Five minutes into John Sperry’s high school robotics class, I realize I’m out of my depth intellectually — and they haven’t even started talking mechanics or physics yet. Juliette Heyman, a 17-year-old junior, is standing in front of the class, writing down strategies for winning this year’s FIRST (For Inspiration and Recognition of Science and Technology) Robotics Competition as classmates lob ideas at her. “How about blocking lanes?” one student offers. Juliette writes it down. “Can you descore?” asks another. Scribble, scribble. Shove a robot against a wall? Impede its visibility? How about two runner robots clearing the way for a scoring robot? What about strategic alliances? Soon, they’re talking deliverables and deadlines. On Monday, there will be a quiz on the 70-plus-page contest rules.
It’s a Sunday at Anderson High School in Austin, Texas, and the room is packed with teenagers, ages 14 to 18, who are surprisingly wide awake and engaged. It’s day two of Anderson High’s six-week crunch to get a robot built for the 20th season of robot madness ending with the FIRST Championship, to be held in St. Louis from April 27 to 30.
“Every spring, I live robotics,” says Caroline Moy, part of the team’s leadership (along with Nate McLauchlin), whose dad has been known to beg her to leave school at 10 p.m., after a 15-hour day. In January, the Anderson team and about 50,000 other robot maniacs tuned in to hear Segway inventor Dean Kamen and Will.i.am of the Black Eyed Peas announce this year’s challenge: a robotic game called Logo Motion, involving six teams competing on a 27-foot-by-54-foot field. Each team’s robot must earn points by hanging pieces shaped like a triangle, a circle or a square on a rack. (Bonus points if the robot’s minibots can climb a 9-foot tower in the last 10 seconds.) “It’s not just about building a robot. It’s ‘How can we design the robot correctly so it can accomplish the task?’ ” explains Matt Carroll, 16.
The robotics competition is only part of the FIRST Championship, the NBA Finals of science and technology for students competing for awards, trophies and medallions. High schoolers are eligible to apply for scholarships totaling more than $14 million. Corporate mentors from Microsoft to NASA are on hand to help the nearly 2,000 teams (50,000-plus contestants) win the show. And it is a show, make no mistake. There are amped-up teens, cheerleaders, bands, DJs and awards. It’s how Kamen envisioned FIRST back in 1989, when he realized the United States was falling behind in science and engineering. He deliberately picked the sports model, setting up double-elimination tournaments, bringing in the hoopla of sports to show that science and technology don’t have to be boring. Last year, 10,000 students from 30 countries and 10,000 volunteers took over Atlanta’s Georgia Dome.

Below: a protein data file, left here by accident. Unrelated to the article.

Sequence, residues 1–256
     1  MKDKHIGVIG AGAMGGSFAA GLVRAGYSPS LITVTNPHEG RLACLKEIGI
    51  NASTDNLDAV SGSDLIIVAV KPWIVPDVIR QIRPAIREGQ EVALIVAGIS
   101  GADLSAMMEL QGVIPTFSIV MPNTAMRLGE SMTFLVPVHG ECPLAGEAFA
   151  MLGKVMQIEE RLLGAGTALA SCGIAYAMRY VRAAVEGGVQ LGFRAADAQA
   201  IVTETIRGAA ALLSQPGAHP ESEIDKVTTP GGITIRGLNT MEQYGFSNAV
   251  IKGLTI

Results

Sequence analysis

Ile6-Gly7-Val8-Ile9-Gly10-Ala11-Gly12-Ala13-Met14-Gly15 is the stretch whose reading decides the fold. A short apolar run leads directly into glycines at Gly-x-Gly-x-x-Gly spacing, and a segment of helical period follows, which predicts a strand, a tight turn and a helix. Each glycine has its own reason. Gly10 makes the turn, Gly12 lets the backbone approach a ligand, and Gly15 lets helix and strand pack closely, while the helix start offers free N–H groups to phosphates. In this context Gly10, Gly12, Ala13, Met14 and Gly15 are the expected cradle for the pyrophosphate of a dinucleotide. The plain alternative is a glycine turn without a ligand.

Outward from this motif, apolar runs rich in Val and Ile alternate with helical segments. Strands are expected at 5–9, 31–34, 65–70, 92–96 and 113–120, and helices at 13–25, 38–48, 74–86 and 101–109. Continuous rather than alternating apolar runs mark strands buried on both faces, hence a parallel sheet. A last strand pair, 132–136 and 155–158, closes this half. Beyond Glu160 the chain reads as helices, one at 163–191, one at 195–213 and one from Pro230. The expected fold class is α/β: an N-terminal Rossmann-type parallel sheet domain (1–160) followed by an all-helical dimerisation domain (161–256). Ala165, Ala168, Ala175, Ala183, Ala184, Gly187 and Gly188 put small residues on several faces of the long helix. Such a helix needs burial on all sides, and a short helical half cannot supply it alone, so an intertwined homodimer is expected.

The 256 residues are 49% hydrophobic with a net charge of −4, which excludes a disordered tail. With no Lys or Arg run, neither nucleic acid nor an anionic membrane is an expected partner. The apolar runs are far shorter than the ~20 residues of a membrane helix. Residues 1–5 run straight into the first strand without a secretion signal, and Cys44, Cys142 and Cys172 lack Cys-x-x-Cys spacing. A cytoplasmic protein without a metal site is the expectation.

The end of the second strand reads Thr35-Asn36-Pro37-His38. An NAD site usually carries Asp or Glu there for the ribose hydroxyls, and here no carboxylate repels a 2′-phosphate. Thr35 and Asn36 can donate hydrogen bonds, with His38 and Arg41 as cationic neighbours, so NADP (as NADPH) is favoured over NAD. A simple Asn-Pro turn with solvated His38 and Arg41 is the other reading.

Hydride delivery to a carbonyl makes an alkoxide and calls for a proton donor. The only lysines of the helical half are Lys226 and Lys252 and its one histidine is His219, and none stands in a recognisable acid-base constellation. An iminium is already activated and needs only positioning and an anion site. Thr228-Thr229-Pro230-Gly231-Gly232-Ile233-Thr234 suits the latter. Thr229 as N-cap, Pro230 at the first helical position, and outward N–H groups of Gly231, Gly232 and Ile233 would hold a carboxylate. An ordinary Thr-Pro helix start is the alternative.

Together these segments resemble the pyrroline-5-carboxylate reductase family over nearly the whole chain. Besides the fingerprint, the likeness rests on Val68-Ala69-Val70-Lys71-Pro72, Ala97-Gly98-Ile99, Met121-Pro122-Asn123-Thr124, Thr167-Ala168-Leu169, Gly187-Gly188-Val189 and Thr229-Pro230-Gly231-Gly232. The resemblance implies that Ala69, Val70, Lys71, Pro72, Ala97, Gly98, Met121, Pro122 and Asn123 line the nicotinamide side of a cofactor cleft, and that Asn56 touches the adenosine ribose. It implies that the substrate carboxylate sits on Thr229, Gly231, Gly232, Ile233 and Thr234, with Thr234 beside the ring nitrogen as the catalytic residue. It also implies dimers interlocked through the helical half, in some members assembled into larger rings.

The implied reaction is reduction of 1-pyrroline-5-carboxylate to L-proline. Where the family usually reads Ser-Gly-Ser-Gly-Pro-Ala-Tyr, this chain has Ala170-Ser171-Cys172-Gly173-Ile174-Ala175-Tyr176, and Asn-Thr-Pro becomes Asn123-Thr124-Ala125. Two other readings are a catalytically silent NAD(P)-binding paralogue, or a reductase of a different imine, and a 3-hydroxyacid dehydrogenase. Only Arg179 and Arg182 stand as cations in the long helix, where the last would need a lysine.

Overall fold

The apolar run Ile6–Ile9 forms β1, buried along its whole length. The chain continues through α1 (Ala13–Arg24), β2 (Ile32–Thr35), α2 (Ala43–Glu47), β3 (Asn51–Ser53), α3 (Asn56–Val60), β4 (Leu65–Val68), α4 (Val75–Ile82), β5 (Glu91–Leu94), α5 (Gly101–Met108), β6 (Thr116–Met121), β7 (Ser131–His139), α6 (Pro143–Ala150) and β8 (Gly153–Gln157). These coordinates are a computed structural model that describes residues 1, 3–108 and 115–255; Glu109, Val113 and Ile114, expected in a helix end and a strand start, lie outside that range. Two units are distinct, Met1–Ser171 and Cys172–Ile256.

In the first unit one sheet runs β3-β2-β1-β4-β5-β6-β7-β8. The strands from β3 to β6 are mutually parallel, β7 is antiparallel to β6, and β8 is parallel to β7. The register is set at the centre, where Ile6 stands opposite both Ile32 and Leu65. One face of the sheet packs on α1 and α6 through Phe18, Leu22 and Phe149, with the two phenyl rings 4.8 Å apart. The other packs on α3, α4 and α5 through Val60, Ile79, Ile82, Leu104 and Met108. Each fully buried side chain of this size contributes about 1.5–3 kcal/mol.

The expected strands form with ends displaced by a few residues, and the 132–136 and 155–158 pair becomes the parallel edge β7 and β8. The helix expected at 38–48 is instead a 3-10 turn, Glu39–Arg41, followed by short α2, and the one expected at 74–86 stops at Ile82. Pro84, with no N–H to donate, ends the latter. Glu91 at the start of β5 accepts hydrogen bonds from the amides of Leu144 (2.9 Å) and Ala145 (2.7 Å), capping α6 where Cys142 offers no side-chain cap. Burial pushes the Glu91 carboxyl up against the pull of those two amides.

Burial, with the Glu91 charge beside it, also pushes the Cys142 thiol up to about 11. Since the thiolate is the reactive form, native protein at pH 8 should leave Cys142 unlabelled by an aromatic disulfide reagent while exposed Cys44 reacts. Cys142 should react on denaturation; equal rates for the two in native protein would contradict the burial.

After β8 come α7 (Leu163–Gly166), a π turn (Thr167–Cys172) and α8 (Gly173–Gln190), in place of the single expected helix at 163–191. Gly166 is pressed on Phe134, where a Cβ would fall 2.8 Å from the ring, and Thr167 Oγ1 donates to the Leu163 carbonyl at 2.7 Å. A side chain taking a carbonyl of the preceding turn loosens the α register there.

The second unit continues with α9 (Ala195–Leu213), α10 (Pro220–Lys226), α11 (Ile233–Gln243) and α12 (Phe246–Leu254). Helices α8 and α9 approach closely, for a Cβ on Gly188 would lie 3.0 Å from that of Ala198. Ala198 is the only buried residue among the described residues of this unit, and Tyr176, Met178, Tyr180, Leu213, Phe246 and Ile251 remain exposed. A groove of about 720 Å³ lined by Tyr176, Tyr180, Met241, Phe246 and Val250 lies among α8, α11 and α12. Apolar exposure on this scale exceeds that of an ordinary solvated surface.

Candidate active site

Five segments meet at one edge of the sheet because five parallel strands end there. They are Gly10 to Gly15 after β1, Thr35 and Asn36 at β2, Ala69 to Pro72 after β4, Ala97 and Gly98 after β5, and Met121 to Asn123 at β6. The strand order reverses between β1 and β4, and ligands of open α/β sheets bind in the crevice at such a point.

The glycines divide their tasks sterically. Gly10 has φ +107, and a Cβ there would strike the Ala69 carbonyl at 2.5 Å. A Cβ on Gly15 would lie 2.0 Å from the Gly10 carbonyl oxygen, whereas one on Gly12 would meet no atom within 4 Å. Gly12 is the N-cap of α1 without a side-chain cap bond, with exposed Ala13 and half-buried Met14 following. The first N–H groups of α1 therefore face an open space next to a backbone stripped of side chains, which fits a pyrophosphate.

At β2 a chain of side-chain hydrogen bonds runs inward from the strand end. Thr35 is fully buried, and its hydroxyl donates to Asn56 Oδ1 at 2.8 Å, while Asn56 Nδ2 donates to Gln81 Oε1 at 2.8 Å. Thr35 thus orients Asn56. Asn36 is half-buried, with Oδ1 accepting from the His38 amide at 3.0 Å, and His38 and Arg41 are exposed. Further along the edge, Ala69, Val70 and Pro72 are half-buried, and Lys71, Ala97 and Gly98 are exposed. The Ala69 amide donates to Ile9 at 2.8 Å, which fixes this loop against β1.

Kamen made millions on medical devices and the Segway. Eager to give back, he created the SEE (Science Enrichment Encounters) Science Center, a “little science museum” next to his business, DEKA Research & Development, in Manchester, N.H. One Saturday, he says, he walked into a mob of shrieking kids and parents and asked a student to name a famous scientist, engineer or inventor. “He looked at me with a blank stare. So I asked the next kid, the next kid … and I realized that all these kids are in this science center wearing Celtics T-shirts and Bruins T-shirts and Patriots sweatshirts,” he says. Then he asked the parents. Finally, one said, “Well, Einstein, but I think he’s dead.”
“All of a sudden, it hit me like a ton of bricks. In a free country, in a free culture, you get what you celebrate,” he says. Kids see sports and music figures making it big, so that’s whom they emulate — even if their chances of breaking through are minimal.
At Anderson High today, however, 35 teenagers are getting into Kamen’s dream with the help of mentor David Yanoshak, an engineer at Texas Instruments, and adviser Sperry. Matt Carroll and Trent Pokorny, both 16, are unloading boxes of robot parts with 14-year-old Casey Aldridge. They have just six weeks to build a robot for regionals in hopes of making the FIRST national competition. “This is what we call our kitbot,” Matt explains. “They give us a basic robotics platform to start out with, so there are different iterations of the kitbot we can make.”
“ ‘Iterations,’ huh? You sure you’re 16?” I ask Matt.
“I picked it up around here. If the robot doesn’t work, you iterate it,” he says, nonchalantly.
FIRST has paid off for Anderson. Of the 30 seniors on past robot teams, more than 76 percent are studying science, technology, engineering or math in college. A new class of freshmen is eager to follow. “We put in a 14-hour day yesterday. Our turnout is great, more than 30 kids. On a Sunday,” Sperry says.